Google is already the biggest player in the indoor mapping world. But Lacroix says there is hostility to the search goliath’s reluctance to share any of its data. He envisions a situation where application makers can build as many cool gadgets as they like, but as the gatekeeper to the mapping service, Google will simply hoover up all of the advertising revenue, which will be all the more valuable because it will be so well targeted.
Start-ups like Micello and Point Inside, both of which are busily mapping malls and airports, are prepared to make revenue sharing deals with the venues and vendors. A recovering economy, thinks Lacroix, will persuade venture capitalists to make the investments which will ignite the creativity.
An interesting avenue, he thinks, will be growing sophistication in the kind of personal assistant pioneered by Apple through its talking Siri app. In this scenario, your assistant might know you drink double espressos every day at 8.30, realise you are close to a different vendor with a tempting 20% off offer, check you have time in your diary, then suggest you turn right to head there.
Perhaps it might even recognize you are being covertly followed, and suggest you put your phone in the bin.
See the IndoorLBS Report for over 120 companies involved in the indoor location services business here.
Saturday, March 10, 2012
The prevalence of location-based services has been rising over the past few years, but they have yet to venture into the place where people spend 80% of their lives: inside buildings. Startups and large corporations alike are racing to build the infrastructure to make indoor LBS possible. Players in indoor mapping and indoor positioning technologies including Point Inside, Micello, Google, Qubulus, BuildingLayer discussed the future of indoor navigation.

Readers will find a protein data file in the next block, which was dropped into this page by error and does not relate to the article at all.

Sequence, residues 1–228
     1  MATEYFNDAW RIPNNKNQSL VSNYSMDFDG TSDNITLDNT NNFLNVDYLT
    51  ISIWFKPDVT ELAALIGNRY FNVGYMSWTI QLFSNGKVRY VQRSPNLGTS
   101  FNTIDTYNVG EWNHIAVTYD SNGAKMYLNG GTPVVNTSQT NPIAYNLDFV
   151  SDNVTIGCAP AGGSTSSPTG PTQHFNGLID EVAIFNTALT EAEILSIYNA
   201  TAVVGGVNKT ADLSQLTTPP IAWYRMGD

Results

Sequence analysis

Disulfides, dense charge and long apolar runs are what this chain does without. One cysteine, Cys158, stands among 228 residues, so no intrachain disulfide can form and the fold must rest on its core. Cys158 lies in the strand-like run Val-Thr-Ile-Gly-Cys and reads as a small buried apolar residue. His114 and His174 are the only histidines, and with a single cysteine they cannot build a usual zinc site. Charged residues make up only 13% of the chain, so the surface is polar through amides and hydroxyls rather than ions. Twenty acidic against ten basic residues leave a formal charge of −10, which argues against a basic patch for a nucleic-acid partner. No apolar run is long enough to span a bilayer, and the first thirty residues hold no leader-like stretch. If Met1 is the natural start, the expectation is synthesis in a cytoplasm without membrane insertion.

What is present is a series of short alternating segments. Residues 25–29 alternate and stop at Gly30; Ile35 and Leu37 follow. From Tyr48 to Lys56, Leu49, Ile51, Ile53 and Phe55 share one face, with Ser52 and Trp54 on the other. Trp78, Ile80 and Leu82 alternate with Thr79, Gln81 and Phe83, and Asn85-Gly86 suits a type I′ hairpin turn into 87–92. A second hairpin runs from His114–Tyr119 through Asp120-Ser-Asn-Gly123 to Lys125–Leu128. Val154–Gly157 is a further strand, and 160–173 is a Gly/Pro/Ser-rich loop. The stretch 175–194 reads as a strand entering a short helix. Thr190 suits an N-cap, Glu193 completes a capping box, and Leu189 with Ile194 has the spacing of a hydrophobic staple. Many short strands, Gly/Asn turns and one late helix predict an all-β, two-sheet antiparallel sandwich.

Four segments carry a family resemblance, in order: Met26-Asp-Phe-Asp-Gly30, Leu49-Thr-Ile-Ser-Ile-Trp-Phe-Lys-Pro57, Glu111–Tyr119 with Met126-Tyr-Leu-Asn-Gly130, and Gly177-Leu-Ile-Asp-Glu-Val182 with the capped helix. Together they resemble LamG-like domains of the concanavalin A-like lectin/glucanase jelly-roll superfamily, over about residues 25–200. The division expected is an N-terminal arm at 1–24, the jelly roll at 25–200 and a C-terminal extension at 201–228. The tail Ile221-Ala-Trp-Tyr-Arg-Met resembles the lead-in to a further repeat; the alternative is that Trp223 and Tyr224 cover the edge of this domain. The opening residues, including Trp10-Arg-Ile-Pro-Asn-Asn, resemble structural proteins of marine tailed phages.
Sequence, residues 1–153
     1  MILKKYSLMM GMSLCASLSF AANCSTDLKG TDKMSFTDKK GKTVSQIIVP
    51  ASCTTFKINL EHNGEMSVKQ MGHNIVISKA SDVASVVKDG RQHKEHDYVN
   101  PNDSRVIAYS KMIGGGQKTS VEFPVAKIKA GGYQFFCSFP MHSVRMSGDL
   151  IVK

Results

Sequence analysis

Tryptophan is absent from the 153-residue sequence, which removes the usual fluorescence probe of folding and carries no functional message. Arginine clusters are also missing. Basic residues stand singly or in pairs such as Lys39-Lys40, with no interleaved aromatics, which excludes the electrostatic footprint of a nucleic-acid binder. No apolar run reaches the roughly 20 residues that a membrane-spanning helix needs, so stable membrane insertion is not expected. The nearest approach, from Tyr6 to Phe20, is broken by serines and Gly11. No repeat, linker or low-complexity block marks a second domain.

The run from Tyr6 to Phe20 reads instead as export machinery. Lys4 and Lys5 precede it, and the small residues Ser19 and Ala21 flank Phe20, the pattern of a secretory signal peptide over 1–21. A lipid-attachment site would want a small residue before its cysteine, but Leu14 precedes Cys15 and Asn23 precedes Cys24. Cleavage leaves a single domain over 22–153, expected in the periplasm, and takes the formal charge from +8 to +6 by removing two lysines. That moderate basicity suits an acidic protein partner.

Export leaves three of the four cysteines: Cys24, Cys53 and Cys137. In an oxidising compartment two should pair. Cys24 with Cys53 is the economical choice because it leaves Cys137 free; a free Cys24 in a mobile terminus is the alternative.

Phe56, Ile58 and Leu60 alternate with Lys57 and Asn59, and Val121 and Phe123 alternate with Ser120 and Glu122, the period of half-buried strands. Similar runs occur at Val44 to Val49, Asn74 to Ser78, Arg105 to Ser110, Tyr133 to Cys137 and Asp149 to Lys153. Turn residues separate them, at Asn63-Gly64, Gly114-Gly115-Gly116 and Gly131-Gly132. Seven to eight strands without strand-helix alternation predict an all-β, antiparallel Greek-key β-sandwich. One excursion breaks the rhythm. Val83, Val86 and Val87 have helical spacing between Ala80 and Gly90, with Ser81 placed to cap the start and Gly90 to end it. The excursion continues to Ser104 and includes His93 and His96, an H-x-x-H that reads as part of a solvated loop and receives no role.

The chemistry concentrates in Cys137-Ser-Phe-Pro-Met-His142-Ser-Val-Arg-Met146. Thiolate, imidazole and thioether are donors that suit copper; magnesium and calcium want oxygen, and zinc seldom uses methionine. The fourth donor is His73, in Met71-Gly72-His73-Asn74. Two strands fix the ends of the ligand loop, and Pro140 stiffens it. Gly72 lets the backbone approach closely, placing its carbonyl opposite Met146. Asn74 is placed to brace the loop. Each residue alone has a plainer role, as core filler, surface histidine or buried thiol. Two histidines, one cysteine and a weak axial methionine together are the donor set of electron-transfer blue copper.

EchoEcho unveiled a new version at SXSW that finds your friends indoors, where GPS doesn't work. Imagine being at the Austin Convention Center with 10,000 people. You know your friends are in the building somewhere but you can't find them. EchoEcho plots your friends on an indoor floor plan map, in real time, so you can find them with pinpoint accuracy, within 2 meters. A Stanford startup, WifiSlam provides the indoor location maps to EchoEcho. Both companies have been building this functionality in stealth mode. This weekend at SXSW in Austin people will be able to use it for the first time.
Sunday, March 4, 2012
Indoor location services are poised to be the next hot mobile service with its ability to enable smarter mobile offers and more accurate local searches and offers too many advantages for mobile technology companies to pass up.
Apple wants to deploy a service that can help engage with customers inside retail venues by offering offers based on user's behavior and preferences, i.e., search history, indoor location, product price, and NFC. Apple's recent patent filings and patents acquired from Xerox dating back to 1998 indicate Apple's interest in location based services for serving relevant ads/offers to users. Apple also wants iPhone users to be able to receive other relevant content such as restaurant menu when user approaches the restaurant.
Amazon wants to predict what customers might want to buy by tracking user's location, including inside stores or malls. Amazon's latest patent indicates Amazon is interested in user's movement patterns to be able to engage with customers on their next shopping trip by serving relevant offers. The patent says, “by analyzing the recent movements of a mobile device user among stores in a shopping mall, it may be determined that a particular store is a predicted next destination for the mobile device user.”
For more, see the market report on the Indoor Location Services industry. Click here.